Appreciation for the Chicago Crusader

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Dear Mrs. Leavell:

I would like to express my appreciation to you and the staff of the Chicago Crusader for producing an excellent and much appreciated publication. I look forward with great enthusiasm to the delivery of the paper to my home in Houston and reading your coverage of local Chicago stories, historical accounts of Black history in America and the paper’s coverage of national stories.

I grew up in Benton Harbor, Michigan, which is 70 miles east of Chicago, along highway I-94, the hometown of former Chicago Bulls player Chet “the Jet” Walker.

Over the years, I have become such a fan of your publication that I gave a gift of a subscription to my father-in-law, who is 95 years old and resides in Shreveport, Louisiana. In the 1950s, my father-in-law attended Tuskegee University and as a student studying journalism, he spent his summers in Chicago, working as a “cub reporter” for the Chicago Defender.

Many people across America, just like my father-in-law and me, have some limited knowledge of Chicago, and we often discuss experiences when he was a young man and when I grew up visiting friends in Chicago, like Allen Smith and his brothers. Allen was my college roommate while attending Michigan State University and a dear friend who ushered me around his hometown for many years until his passing.

The common theme for all of us when thinking about growing up in the Midwest evolves around the history we all share, in that we actually represent the six million African Americans whose families left the southern states during the period from 1916 to 1970, known as The Great Northward Migration, Black Migration and landed in Chicago, and in my family’s case St. Louis, Missouri and Benton Harbor, Michigan.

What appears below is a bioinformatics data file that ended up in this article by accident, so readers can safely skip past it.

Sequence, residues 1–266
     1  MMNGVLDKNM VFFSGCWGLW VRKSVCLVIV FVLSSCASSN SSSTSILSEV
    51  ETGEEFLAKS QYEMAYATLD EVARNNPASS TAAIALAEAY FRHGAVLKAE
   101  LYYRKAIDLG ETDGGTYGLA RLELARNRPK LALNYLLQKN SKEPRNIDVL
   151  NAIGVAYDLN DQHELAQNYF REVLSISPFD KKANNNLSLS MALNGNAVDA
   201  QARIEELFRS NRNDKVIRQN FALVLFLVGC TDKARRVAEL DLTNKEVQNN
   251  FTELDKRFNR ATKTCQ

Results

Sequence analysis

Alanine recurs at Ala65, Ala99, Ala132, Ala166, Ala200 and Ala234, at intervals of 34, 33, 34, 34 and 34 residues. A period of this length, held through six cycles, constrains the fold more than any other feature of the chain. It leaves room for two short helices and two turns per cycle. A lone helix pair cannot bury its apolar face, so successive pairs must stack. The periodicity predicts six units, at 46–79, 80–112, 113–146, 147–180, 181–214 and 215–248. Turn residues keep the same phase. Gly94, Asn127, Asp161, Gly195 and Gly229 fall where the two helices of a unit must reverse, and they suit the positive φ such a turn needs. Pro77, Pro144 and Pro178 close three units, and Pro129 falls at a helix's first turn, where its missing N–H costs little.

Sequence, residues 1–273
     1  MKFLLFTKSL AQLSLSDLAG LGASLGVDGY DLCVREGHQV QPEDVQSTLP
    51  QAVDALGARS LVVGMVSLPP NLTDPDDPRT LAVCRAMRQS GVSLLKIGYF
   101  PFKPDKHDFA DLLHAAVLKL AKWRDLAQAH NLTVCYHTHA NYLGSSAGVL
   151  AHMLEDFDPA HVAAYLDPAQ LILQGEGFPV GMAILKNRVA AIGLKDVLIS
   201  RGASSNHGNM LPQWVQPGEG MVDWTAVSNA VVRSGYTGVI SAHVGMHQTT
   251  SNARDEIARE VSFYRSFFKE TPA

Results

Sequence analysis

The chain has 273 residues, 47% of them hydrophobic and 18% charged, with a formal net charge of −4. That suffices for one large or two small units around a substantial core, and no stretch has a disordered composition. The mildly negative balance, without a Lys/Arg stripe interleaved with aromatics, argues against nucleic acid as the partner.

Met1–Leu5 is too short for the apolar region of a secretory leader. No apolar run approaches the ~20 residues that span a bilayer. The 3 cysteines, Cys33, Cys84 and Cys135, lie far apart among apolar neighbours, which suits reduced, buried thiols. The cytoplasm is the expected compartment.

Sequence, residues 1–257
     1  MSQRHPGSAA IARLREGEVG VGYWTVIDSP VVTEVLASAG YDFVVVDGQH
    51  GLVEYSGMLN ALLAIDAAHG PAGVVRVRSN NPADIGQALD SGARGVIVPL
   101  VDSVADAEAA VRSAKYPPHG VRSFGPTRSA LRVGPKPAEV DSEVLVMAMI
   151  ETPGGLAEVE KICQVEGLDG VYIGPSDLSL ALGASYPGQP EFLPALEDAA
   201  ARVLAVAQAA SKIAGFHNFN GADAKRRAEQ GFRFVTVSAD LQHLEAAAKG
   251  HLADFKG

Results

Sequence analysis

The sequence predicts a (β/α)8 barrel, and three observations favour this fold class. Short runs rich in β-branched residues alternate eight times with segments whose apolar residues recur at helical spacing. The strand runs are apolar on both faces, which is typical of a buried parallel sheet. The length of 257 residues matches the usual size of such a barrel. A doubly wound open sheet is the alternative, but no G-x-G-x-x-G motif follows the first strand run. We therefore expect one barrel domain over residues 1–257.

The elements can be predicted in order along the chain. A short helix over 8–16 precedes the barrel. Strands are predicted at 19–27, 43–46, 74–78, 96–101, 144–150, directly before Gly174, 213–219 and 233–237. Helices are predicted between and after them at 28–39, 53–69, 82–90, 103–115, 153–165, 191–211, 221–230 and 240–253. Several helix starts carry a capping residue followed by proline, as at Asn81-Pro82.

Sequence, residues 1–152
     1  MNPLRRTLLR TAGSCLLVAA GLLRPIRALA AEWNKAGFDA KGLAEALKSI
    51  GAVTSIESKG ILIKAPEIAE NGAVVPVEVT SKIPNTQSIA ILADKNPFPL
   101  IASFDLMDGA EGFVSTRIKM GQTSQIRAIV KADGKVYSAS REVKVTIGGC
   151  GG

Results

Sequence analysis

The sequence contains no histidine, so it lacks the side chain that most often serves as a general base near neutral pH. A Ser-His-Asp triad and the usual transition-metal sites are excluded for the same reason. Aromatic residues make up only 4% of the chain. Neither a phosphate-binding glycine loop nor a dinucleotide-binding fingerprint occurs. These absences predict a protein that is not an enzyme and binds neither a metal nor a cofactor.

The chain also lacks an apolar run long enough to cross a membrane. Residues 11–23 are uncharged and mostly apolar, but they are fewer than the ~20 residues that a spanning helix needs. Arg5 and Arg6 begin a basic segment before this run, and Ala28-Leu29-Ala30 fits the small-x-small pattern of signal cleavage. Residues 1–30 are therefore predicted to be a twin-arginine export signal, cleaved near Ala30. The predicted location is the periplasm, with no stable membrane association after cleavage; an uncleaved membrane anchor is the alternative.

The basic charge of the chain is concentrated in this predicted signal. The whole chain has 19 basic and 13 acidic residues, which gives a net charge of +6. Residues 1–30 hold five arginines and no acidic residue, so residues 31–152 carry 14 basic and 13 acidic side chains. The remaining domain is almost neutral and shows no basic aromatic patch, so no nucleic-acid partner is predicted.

Mrs. Leavell, with this introduction, I hope that you understand the profound importance of your publication to me. Each publication is like a time machine that, for a brief period, allows my mind to recall being in Chicago, and relating to the issues that refer to the South Side versus the North and West sides; politics from the “Daley Machine” to Harold Washington and President Obama; the Chicago Wards; geographical differences between Schaumburg, Chinatown, the lakefront, and legends like Ernie Banks, the Honorable Elijah Muhammad, and so much more.

In reading the Crusader, I follow this logic when deciding where to start. The headlines, of course, get my attention, then I turn to the education section. My career in higher education (as former president of Texas Southern University, interim Chancellor of the University of Houston, Vice President for the Tennessee Board of Regents System, and Senior Advisor to the Secretary of Education for the U.S. Department of Education), compels me to carefully read what brother Dr. Conrad “Worrill’s World” was up to. Dr. Worrill’s articles presented historical facts and various individuals who were trail blazers in constructing various philosophies regarding the conflict between a majority white dominated society and a minority Black population on just about all topics under the sun. (I can relate to his character development as a young man that stems from his training as a disciplined track athlete).

The next section that I turn to is “The Chatterbox,” as it always provides a good laugh and this section speaks to the disharmony that exists in all communities. It reminds me of community gossip that is a stumbling block for all communities. Even though I abhor gossip, I read “Chatterbox” as a way of reading hidden agendas. As an example, the competition to have a President’s library among universities and cities requires a [bold] major fund raising, and most communities in America fawn over having a President’s library, except as noted in the Chatterbox, “some folks in Chicago’s Black community.”

I encourage you to continue to provide the paper version of news because I prefer it. I am concerned that digital versions of stories are too short sighted and do not provide a 360-degree view of issues, which results in poor coverage and a misled public.

An educated person is able to combat ignorance when provided with a balanced presentation of the pros and cons of a position before taking a stance, which is hard to obtain when one is interrupted with pop-up advertisement.

My sincere congratulations to you and your staff writers for a job well done.

Dr. John M. Rudley

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